120
    Feb 24, 2013
    Stratford-Upon-Avon, UK
    Sam

    All very handy information for me, cheers for your help.

    Sam
     
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  9. Smashatom

    Smashatom Mu-43 Regular

    120
    Feb 24, 2013
    Stratford-Upon-Avon, UK
    Sam
    Once again I'm baffled by colour space!
    I've read the link on Flash's signature again, but I'm still quite confused.

    I'm looking at buying a new monitor my 2 choices are the Dell Ultrasharp u2412m which covers almost all of sRGB and is more of a consumer monitor, cheaper price as well. The other option is the Dell Ultrasharp u2413 which is more of a semi-professional monitor with much higher specs, it covers sRGB and aRGB.

    Money isn't the issue, I would rather spend a bit more and get a better product but I'm not sure whether the better product is way above my needs. I'm worried about getting the u2413 and my images just looking over saturated which can apparently happen when using a monitor with a wide gamut.

    I use Aperture for PP, I'm struggling to find what colour space Aperture is actually using on my machine.

    With my images I'm mainly exporting as JPEGs for Flickr and other web uses, for my iPad to show family, and for cheap 6x4 prints from places like photobox...


    Any help would be greatly appreciated!


    Sam


    Sent from my iPhone using Mu-43 mobile app
     
  10. robbie36

    robbie36 Mu-43 All-Pro

    Sep 25, 2010
    Bangkok
    rob collins
    I have always found this topic pretty confusing but here is my recommendation.

    Whatever color space you choose to work in, you should output to the web in sRGB this is because the vast majority of web viewers have something equating roughly to sRGB and obviously a wider gamut monitor can view a narrower gamut.

    At home I have a Dell u2711 monitor (much like the 2413). I choose aRGB for my color profile because I do print and most decent consumer printers have at least an aRGB output (I have a Canon 9500). Obviously if you print what you see on your screen is what you want in final output. If you use Lightroom it will essentially convert aRGB to sRGB by default for web output.

    If you want me to make your decision really easy - here it is. Buy the Dell 2413 on the basis that it is wider gamut. It has a button at the bottom front that allows you to switch to sRGB if you wish - so with a wider gamut monitor you effectively have the choice.
     
  11. Smashatom

    Smashatom Mu-43 Regular

    120
    Feb 24, 2013
    Stratford-Upon-Avon, UK
    Sam
    That's probably the way I will go actually. At least I will have the choice.

    I've just found this on the apple site which is is referring to when web is your primary output 'Aperture uses a wide gamut, so you don't have to define a working color space as is necessary in some other applications'

    If this is the case will changing the monitor between sRGB and aRGB make a difference? I'm guessing it must do but it seems like a strange statement from apple.

    How do you find out the output of your printer? I've tried looking in the specs of my printer but it isn't listed.




    Sent from my iPhone using Mu-43 mobile app
     
  12. flash

    flash Mu-43 Hall of Famer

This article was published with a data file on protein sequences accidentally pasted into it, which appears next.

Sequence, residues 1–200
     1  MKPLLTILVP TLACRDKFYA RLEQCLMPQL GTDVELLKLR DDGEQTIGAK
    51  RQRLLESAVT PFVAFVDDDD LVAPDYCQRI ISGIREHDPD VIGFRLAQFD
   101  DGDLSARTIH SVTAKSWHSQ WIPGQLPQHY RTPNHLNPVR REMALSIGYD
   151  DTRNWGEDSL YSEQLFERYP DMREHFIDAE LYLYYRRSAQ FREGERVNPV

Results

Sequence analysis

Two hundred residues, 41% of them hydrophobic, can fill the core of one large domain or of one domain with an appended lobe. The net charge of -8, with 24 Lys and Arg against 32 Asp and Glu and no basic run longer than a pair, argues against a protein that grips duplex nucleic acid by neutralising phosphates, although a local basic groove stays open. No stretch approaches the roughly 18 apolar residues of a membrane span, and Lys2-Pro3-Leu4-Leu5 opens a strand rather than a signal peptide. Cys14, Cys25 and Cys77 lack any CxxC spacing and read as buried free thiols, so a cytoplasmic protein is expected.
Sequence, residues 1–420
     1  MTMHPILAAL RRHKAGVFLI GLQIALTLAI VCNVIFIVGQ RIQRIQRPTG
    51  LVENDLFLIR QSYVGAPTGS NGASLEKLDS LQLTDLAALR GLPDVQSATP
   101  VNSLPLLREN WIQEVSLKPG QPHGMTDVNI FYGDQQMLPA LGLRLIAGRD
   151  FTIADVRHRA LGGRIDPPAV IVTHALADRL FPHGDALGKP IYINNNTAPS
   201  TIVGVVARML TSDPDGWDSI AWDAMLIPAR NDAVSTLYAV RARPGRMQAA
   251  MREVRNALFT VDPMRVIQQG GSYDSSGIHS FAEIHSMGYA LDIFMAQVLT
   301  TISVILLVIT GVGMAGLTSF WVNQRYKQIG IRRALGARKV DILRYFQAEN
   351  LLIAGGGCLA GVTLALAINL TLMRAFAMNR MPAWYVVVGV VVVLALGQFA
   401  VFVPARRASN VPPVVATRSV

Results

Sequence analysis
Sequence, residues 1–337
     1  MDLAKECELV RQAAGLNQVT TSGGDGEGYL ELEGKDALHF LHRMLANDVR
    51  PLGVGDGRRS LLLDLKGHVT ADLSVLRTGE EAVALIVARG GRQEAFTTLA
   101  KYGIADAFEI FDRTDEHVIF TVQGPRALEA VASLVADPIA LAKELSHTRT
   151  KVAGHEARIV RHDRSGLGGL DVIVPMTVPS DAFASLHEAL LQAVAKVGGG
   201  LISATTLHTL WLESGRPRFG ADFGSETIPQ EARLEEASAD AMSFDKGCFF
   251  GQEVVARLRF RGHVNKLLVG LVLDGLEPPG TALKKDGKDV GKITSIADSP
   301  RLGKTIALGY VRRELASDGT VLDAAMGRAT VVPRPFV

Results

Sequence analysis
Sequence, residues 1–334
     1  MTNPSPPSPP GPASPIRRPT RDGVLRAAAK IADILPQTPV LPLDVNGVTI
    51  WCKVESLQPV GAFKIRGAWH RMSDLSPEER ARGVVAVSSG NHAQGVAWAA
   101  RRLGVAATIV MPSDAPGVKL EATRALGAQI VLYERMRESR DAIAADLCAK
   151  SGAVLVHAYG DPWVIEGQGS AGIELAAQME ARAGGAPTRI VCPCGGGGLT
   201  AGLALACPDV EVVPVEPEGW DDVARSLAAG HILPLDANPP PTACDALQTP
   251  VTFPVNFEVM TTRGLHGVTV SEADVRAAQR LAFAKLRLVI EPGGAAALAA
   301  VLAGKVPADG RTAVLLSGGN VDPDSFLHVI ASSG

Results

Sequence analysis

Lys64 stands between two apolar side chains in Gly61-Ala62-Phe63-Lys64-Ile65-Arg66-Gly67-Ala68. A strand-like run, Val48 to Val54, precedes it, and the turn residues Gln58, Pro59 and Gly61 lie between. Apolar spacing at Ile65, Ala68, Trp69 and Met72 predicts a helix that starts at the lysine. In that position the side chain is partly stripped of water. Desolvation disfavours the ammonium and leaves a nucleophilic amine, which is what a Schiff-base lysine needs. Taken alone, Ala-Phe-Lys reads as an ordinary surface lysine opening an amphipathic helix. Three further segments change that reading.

Apr 29, 2010
    1 hour from Sydney Australia.
    Gordon
    Based on your description you don't need the wider gamut. Almost all domestic printing services and the web are best served a sRGB file. You go to aRGB when you are sending out to a Pro lab or your printing your own. Some stock libraries want aRGTB files as well.

    You're better off with a sRGB monitor and a colimeter (to calibrate it) over an aRGB monitor without one, so factor that into your budget. You don't need an expensive one.

    Aperture uses it's own working colour space. I'd have to look into it but I "think" it's close to aRGB. It's certainy not sRGB. But you can output in anything you want.

    What ever you get make sure you calibrate it. Other than that don't frett too much. It's not the earth shattering decicion people make it out to be. Both monitors will allow you to make really good stuff.

    gordon
     
  13. robbie36

    robbie36 Mu-43 All-Pro

    Sep 25, 2010
    Bangkok
    rob collins
    It is pretty standard for any photo editing program to have a wide color gamut. Lightroom and Photoshop use prophotoRGB which is considerably wider than both sRGB and aRGB.

    Printers dont actually have a color gamut or should I say to the extent that a printer has a color gamut it is far more complex than say sRGB or aRGB. Typically any photo printer built in the last 5 years will have a color gamut bigger than sRGB and probably bigger than aRGB. When you print you specify the color profile.

    The way I tend to look at things is this. Basically the more colors you have is better, it is a bit like resolution - the more the better. You output to the web at 1,000 pixels on the long end but this is not a size that you would recommend editing a photo at. Your photos are most often viewed probably on a mobile phone but again noone would suggest editing on a mobile phone - you basically edit at full size of camera output on a larger the better screen.

    So you can build your work flow around a very narrow color gamut like sRGB if you like. Your camera can record sRGB, you can use an sRGB monitor and you can print sRGB. But why would you? We tend to gravitate towards RAW rather than jpeg, recording images at 16 mega pixels even though we can choose 8 etc... From that basis it makes sense to operate with as many colors as you can manage.